It turns out that the Marshall has inflated his reputation, and for good reason — he has grown distasteful of killing, and the moral cloud that hangs over him. When he is forced to face down a violent drunkard, he does it without even firing his gun…the fear of the Marshall’s retribution is enough to freeze the surly young man.

That same surly young man turns out to be the beloved brother of self-appointed cattle baroness Barbara Stanwyck, who rules the territory with her forty sidemen. She has the governor and the town sheriff in her pocket, and frees her brother through a kangaroo trial. The Marshall follows her to the ranch to capture his quarry, and he and Stanwyck begin a tentative romance.

While the story isn’t much, Forty Guns is full of Fuller’s wild cinematic flourishes — there is a scene of Sullivan and Stanwyck suddenly getting caught in a prairie tornado that is absolutely bonkers yet brilliantly executed. A point-of-view shot from the barrel of a gun brings to mind a certain James Bond opening image; a violent wedding-day murder is shot like a gangland slaying; and a marvelously contrived musical scene at the subsequent funeral is shocking in its emotional sincerity.

Fuller also builds one of the most thrilling sequences I’ve ever seen in a western –the Marshall walks into a trap set up by Stanwyck’s assistant, a conniving tax collector who also holds a fatal torch for her, while the man hired to serve as bait can barely call out the Marshall’s name before fainting from terror. As the Marshall takes the bait and steps into a sniper’s line of fire, his younger brother creeps up behind and shoots the man in the head. The scene is constructed with fear and intrigue, but it is Sullivan’s reaction that makes the scene sublime: “You killed,” he says with grave disappointment, realizing that his brother is now forever tainted by murder.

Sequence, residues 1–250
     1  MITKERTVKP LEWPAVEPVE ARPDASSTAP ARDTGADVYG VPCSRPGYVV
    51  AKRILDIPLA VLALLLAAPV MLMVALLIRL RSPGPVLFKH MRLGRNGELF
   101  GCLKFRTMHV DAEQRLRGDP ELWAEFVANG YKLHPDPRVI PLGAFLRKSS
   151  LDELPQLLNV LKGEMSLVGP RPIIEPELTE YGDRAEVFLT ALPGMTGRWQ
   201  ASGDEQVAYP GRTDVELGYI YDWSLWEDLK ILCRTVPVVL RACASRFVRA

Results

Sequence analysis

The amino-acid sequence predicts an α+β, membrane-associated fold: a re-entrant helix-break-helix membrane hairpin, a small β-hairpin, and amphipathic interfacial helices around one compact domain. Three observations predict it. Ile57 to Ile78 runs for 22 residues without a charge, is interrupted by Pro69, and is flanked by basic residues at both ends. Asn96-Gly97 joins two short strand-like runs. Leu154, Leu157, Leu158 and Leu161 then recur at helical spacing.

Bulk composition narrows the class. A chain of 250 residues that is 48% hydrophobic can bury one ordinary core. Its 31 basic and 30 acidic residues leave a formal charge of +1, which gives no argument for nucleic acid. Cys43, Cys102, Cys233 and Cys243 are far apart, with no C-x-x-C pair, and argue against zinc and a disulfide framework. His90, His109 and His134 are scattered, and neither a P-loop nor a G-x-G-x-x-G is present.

Forty Guns isn’t a perfect film — Sullivan is serviceable in the lead, but not much more, while Stanwyck’s character barely skirts the edges of camp. Marlene Dietrich would fare much better playing a similar character in Nick Ray’s Johnny Guitar a few years earlier. Additionally, the ending feels tacked on, especially for a cynical gutter poet like Sam Fuller.

As David Thomson wrote about Fuller, “From the Civil War to the Vietnam War, Fuller has dealt with every major phase of American experience and returned with the conclusion that the world is a madhouse where ferocity alone survives.” This statement could be accurately applied to the majority of Forty Guns, a western of definite ferocity and madness.

By Daniel Barnes

40guns1 DUB’S TAKE:


Samuel Fuller was never really one to concern himself too much with structure – aside from his most famous (and best) work Pickup on South Street, his movies seem to distance themselves from the standard form of plot – he directs a movie full of individual scenes and then fastens them together with an overall atmosphere that concentrates the film into a single, consistent unit. The Big Red One is a perfect example of how well Fuller can perform that task in that way.  However, Forty Guns is an example of how easily it can all fall apart.